Last week, the El Paso City Council voted to make the Minutemen officially unwelcome in their town. The resolution, drafted by council members Steve Ortega and Beto O'Rourke, chose "cooperation and goodwill" over further militarization of the border. Minutemen spokesman Shannon McGauley says his group plans to go ahead with October operations in El Paso, despite the resolution. "It doesn't mean anything," McGauley said. "It's just an opinion." In other Minuteman news, Jim Gilchrist, founder of the Minuteman Project, formally announced his run for Congress in California, hoping to take the place of Rep. Chris Cox, who was just appointed as chair of the Securities and Exchange Commission. In a recorded message on his Web site, www.jimgilchrist.com, Gilchrist describes his platform as "doing what it takes to stop illegal immigration from ruining our ordered liberty through lawlessness and crime; winning the War on Terror; cutting taxes; and protecting innocent life, our families, and our time-honored traditional values." Diana Welch
"Bridge the Economic Gap Day" is a day of action from Austin's House the Homeless, the Universal Living Wage Campaign, and several other civic groups nationwide. Occurring the day after Labor Day, the event is meant to call attention to how an abysmal minimum wage makes even the most affordable housing unattainable for thousands, creating a class of working, homeless poor. Tuesday, Sept. 6, protesters will take to the sidewalks of 11th and 12th Streets over I-35, and the pedestrian bridge at Lamar and Riverside. For more information, visit www.universallivingwage.org.
After years of trying and failing, state law finally changes today (Thursday), modifying the law to provide jurors in death penalty cases the option of sentencing a defendant to life without parole instead of death. To pass the life-without option, however, lawmakers agreed to delete the life with the possibility of parole option, meaning jurors will still only have two choices. Texas is No. 1 in executions so far this year 12 inmates have been sent to the death chamber; the state has executed 348 people since 1982, when the state resumed executions after the reinstatement of the death penalty. Whether the new option will decrease the number of inmates sentenced to die remains to be seen. Gov. Rick Perry, however, thinks the life-without option is a "significant step in the effort to create a culture of life by protecting those who can't protect themselves," (whatever that means) Perry spokeswoman Kathy Walt told the Houston Chronicle. Jordan Smith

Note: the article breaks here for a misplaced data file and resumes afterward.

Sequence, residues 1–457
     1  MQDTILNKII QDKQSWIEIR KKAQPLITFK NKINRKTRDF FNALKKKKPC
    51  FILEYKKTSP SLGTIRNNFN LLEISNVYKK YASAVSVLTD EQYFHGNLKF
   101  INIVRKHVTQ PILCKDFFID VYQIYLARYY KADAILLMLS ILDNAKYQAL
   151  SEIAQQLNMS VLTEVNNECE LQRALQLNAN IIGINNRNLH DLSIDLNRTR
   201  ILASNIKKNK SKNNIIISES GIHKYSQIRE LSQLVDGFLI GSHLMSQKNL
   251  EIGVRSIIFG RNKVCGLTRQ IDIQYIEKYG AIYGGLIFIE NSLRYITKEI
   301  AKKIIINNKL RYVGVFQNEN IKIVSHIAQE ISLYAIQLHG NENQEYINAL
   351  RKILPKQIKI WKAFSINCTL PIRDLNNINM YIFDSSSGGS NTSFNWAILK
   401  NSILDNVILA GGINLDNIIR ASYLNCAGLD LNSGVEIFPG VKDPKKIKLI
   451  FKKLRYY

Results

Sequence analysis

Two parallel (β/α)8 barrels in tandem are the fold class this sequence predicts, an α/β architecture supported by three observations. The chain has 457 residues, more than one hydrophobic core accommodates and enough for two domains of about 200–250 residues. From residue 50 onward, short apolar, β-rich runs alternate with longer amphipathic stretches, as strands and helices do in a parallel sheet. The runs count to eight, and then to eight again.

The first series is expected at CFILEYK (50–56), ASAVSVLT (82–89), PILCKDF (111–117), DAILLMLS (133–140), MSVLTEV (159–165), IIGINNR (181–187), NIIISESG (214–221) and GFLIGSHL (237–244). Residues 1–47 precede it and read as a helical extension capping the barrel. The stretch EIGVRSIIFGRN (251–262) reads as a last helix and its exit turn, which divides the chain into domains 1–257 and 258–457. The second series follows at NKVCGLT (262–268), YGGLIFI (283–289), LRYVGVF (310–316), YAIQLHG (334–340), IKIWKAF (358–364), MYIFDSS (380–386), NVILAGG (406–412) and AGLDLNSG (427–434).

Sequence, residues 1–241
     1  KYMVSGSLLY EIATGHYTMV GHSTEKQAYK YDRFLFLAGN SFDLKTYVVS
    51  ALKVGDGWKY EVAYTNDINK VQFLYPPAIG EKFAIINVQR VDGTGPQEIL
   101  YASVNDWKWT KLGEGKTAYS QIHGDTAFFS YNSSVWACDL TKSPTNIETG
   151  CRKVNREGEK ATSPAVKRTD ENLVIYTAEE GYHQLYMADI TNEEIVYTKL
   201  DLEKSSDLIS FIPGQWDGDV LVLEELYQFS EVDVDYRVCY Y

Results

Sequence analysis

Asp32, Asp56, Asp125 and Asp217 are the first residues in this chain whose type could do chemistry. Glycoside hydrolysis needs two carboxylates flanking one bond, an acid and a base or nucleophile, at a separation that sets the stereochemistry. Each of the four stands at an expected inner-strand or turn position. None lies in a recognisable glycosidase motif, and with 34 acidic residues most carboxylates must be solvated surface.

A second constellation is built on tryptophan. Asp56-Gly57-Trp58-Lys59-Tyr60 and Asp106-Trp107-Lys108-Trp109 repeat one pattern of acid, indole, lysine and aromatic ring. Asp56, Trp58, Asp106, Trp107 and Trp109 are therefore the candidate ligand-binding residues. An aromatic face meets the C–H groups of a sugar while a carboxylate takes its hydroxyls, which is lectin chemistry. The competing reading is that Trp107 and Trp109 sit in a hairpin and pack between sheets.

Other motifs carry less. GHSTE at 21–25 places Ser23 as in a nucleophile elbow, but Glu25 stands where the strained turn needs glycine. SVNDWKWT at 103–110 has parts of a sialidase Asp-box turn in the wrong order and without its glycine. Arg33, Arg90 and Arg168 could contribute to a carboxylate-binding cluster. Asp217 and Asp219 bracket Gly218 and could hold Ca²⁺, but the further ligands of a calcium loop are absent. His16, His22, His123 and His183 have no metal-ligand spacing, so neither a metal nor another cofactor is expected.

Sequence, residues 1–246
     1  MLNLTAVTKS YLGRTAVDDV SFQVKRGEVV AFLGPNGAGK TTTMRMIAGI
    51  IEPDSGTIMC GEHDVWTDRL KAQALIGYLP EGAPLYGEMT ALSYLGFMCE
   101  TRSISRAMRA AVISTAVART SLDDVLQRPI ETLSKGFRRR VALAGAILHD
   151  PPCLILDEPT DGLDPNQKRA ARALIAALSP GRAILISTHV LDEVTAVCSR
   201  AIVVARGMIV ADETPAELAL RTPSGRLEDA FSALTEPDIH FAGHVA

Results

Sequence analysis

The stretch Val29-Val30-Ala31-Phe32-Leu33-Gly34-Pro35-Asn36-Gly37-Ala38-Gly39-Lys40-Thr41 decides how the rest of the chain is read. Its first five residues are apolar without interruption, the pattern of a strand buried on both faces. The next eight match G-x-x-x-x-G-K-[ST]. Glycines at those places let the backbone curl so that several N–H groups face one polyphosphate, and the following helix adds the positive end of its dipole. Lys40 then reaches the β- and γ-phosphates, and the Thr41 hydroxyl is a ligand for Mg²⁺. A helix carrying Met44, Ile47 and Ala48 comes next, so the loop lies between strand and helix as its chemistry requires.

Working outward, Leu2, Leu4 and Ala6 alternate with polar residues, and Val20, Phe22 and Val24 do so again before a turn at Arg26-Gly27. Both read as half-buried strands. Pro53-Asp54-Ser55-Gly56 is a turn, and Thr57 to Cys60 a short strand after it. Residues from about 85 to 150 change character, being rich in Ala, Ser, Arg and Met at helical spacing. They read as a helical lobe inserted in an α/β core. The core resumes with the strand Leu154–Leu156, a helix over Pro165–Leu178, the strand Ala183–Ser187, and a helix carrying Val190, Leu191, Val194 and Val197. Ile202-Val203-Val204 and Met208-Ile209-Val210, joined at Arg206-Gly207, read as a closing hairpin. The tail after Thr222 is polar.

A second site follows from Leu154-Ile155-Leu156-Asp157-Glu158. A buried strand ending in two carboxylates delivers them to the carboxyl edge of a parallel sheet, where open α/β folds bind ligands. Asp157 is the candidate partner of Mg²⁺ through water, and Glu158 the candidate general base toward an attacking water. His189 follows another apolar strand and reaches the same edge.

A Missouri police chief has filed suit against electro-shock weapon maker Taser International, claiming he suffered severe injuries after receiving a jolt from the police model weapon during a training session last year, reports the St. Louis Post-Dispatch. According to the paper, Hallsville, Mo., Police Chief Jacob Herring claims he suffered two strokes, vision and hearing loss, neurological and heart damage, and a head injury in the wake of an April 2004 shock from a model M26 Taser the same model carried by Austin police officers assigned to specialized units, like the department's homeland security detail. (Most Austin police carry the newer model X26 Taser.) Herring's suit is one of more than 30 across the country alleging injury or death resulting from a Taser strike. "We are aware of [Herring's lawsuit] and intend to aggressively fight any such claim," Taser spokesman Steve Tuttle wrote in an e-mail to the Post. Jordan Smith